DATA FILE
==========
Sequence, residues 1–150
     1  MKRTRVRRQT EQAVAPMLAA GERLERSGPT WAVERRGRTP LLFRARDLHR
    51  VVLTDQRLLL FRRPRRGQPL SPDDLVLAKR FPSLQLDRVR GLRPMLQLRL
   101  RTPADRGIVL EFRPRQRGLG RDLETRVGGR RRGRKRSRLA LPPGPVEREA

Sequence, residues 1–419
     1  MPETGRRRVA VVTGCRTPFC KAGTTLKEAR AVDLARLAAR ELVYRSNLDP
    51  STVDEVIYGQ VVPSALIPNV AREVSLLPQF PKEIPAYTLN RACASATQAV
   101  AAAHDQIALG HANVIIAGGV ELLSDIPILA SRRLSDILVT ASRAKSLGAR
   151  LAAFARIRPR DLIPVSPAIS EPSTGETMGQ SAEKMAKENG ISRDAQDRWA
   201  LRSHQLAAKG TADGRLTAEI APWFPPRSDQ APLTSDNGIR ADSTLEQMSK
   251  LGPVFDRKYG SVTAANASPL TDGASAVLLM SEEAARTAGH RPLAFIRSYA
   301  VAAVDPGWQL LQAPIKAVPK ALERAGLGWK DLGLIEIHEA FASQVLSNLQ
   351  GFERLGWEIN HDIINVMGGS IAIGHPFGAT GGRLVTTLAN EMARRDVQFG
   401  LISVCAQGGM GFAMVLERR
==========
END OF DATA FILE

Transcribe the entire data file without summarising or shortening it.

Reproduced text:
Sequence, residues 1–150
     1  MKRTRVRRQT EQAVAPMLAA GERLERSGPT WAVERRGRTP LLFRARDLHR
    51  VVLTDQRLLL FRRPRRGQPL SPDDLVLAKR FPSLQLDRVR GLRPMLQLRL
   101  RTPADRGIVL EFRPRQRGLG RDLETRVGGR RRGRKRSRLA LPPGPVEREA

Sequence, residues 1–419
     1  MPETGRRRVA VVTGCRTPFC KAGTTLKEAR AVDLARLAAR ELVYRSNLDP
    51  STVDEVIYGQ VVPSALIPNV AREVSLLPQF PKEIPAYTLN RACASATQAV
   101  AAAHDQIALG HANVIIAGGV ELLSDIPILA SRRLSDILVT ASRAKSLGAR
   151  LAAFARIRPR DLIPVSPAIS EPSTGETMGQ SAEKMAKENG ISRDAQDRWA
   201  LRSHQLAAKG TADGRLTAEI APWFPPRSDQ APLTSDNGIR ADSTLEQMSK
   251  LGPVFDRKYG SVTAANASPL TDGASAVLLM SEEAARTAGH RPLAFIRSYA
   301  VAAVDPGWQL LQAPIKAVPK ALERAGLGWK DLGLIEIHEA FASQVLSNLQ
   351  GFERLGWEIN HDIINVMGGS IAIGHPFGAT GGRLVTTLAN EMARRDVQFG
   401  LISVCAQGGM GFAMVLERR